Improving the future of air travel for wheelchair users and broader accessibility and inclusion with Kate Hardwick.

Air travel for wheelchair users and those with wider accessibility requirements is a constant hot topic and very important to us at ableMove and graduate, Kate Hardwick. Kate is an extremely bright young woman spearheading the way for vastly improved accessibility and inclusion across the aviation industry, after just finishing up a four-year degree in Air Transport Management at Loughborough University. This promising young woman has already secured herself a job in the aviation industry, starting in September 2021 and is planning on effecting change from the inside out, making sure in future, wheelchair users who want to travel by aircraft, not only can, but can do so with dignity, comfort and ease. Improving accessibility in aviation is what keeps Kate focused. For Kate, air travel for a wheelchair user isn’t something that should be endured, it is something that should be enjoyed. We spent some time with Kate and learnt more about what makes her tick and we just know that this is a name you will be hearing again and again in the aviation industry in future.

Kate comes from a family of aviation enthusiasts. Her Grandfather was a Concorde engineer and most of her close relatives are either pilots or work in the aviation industry. She grew up surrounded by people who love everything tabout aviation. But it only takes one bad experience, and one person with enough drive and determination to effect the change to prevent someone else having a bad experience and you have an industry shake up on your hands.

Every single day here at ableMove, we hear stories from our own customers about their bad experiences whilst flying. Every story is unique and what we have learnt from listening to our customers is that for wheelchair users, flying is very rarely a positive experience. It is fraught with challenges from the moment you step into an airport, right through to the final destination. Kate’s Grandma had a bad experience and for Kate, this was the moment when she realised that it shouldn’t have to be like this. Why should wheelchair users expect anything other than a positive experience. “My Grandma didn’t feel secure at any point in doing what she was being asked to do,” says Kate when describing the experience her own relative had at an airport. For us at ableMove, this sums up exactly what we are all about. A wheelchair user must feel safe and secure when they are in the hands of others.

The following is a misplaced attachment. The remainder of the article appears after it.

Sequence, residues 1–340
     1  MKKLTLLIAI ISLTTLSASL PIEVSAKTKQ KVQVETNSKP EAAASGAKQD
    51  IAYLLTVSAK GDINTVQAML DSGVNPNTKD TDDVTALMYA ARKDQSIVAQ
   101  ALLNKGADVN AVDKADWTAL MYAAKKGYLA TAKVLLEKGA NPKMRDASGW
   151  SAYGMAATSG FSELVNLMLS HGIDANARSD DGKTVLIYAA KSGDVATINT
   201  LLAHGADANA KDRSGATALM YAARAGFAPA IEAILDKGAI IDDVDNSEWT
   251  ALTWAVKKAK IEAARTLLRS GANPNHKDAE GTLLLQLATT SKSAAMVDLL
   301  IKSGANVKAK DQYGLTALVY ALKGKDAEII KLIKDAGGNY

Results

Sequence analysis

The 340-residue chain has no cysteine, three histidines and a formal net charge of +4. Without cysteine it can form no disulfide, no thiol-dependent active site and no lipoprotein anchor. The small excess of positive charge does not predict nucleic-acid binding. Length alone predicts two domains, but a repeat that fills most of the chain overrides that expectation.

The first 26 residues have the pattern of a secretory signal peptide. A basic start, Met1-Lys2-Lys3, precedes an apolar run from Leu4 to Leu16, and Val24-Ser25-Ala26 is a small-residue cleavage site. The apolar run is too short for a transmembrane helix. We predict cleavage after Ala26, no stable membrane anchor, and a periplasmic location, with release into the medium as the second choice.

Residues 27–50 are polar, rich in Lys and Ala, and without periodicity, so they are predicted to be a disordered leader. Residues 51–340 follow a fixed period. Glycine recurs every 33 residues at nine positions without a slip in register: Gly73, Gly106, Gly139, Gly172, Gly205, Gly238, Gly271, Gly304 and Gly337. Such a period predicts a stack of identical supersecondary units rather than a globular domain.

For Kate the biggest hill to climb in the industry is changing attitudes. We spoke a lot about what changes could be made to improve a wheelchair user experience through technology and infrastructure, but it all comes down to a shift in the way everyone in the industry thinks about wheelchair passengers. When attitudes are changed, then the rest will slot into place. “We are not talking enough about accessibility in society as we should be,” says Kate, “aviation has shown it can lead the way through initiatives such as the sunflower lanyard scheme which is now well know across society, so now it could lead the way in accessibility too.”

When asked what could be done right now, what the first step could be for the industry to propel itself forward and become that societal leader in accessibility and inclusion best practice, Kate answers without a shred of hesitation, that opening up the lines of communication is the best place to start. Including wheelchair users in the decisions that are taken on the ground will be a huge leap forward for improving their experiences  and we are in total agreement with this sentiment. The process of travelling through an airport and being transferred on and off an aircraft for a wheelchair user can be very dehumanising. The personal element is often removed. Kate wants to see this change; “Why not just talk to the wheelchair user, make it a personal experience, ask if they want to stop for a coffee, or visit a shop in the departure lounge. Let’s listen to the passengers and hear what they have to say.”

For her dissertation, Kate decided to create a roadmap looking forward over the next 15 years in the aviation industry and where we should be in terms of accessibility and inclusion by then. Kate’s research, which involved extensive surveys with high level people from across the industry identified 54 actions that need setting in motion, and not only that, but Kate, in conjunction with figures from across the industry, has identified the solutions to each of the actions.

Josh Wintersgill, Founder of ableMove commented on Kate’s findings: “People like Kate are the future of the global aviation industry and with people like this smart and intelligent young woman leading the way and those with lived experiences who have been impacted by their personal circumstances driving change , we can together make sure that wheelchair users, like me, who are consistently coming up across the same issues and challenges each time we fly, are having more positive, dignified, comfortable and safe experiences. There needs to be a total industry shift in how things are done, being led by people such as Kate. All of us here at ableMove are excited to see the impact she makes in future and will no doubt follow her future career closely.”

All of us here at ableMove will be working closely with Kate over the next few months, before she starts her new role,  on some special projects we have in the pipeline and whilst we can’t give too many details away right now, do keep checking our website and social media pages for more information.